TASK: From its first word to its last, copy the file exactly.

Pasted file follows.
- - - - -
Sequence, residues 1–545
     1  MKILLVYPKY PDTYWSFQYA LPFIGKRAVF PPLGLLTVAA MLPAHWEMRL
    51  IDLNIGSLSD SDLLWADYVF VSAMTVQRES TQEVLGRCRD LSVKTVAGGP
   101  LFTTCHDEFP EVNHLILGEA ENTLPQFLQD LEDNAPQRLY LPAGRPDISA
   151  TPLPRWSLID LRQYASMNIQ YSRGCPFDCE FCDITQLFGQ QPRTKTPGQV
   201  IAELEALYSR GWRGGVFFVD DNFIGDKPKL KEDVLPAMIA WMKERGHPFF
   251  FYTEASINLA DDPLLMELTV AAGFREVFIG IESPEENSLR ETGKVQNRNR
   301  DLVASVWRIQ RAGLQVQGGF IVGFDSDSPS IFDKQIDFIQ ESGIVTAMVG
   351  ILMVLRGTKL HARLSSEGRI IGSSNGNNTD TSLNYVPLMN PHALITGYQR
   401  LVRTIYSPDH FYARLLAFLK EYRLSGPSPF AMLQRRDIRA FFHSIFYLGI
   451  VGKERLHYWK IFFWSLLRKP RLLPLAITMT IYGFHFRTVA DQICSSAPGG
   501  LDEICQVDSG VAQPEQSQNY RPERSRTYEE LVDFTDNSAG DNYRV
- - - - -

Sequence, residues 1–545
     1  MKILLVYPKY PDTYWSFQYA LPFIGKRAVF PPLGLLTVAA MLPAHWEMRL
    51  IDLNIGSLSD SDLLWADYVF VSAMTVQRES TQEVLGRCRD LSVKTVAGGP
   101  LFTTCHDEFP EVNHLILGEA ENTLPQFLQD LEDNAPQRLY LPAGRPDISA
   151  TPLPRWSLID LRQYASMNIQ YSRGCPFDCE FCDITQLFGQ QPRTKTPGQV
   201  IAELEALYSR GWRGGVFFVD DNFIGDKPKL KEDVLPAMIA WMKERGHPFF
   251  FYTEASINLA DDPLLMELTV AAGFREVFIG IESPEENSLR ETGKVQNRNR
   301  DLVASVWRIQ RAGLQVQGGF IVGFDSDSPS IFDKQIDFIQ ESGIVTAMVG
   351  ILMVLRGTKL HARLSSEGRI IGSSNGNNTD TSLNYVPLMN PHALITGYQR
   401  LVRTIYSPDH FYARLLAFLK EYRLSGPSPF AMLQRRDIRA FFHSIFYLGI
   451  VGKERLHYWK IFFWSLLRKP RLLPLAITMT IYGFHFRTVA DQICSSAPGG
   501  LDEICQVDSG VAQPEQSQNY RPERSRTYEE LVDFTDNSAG DNYRV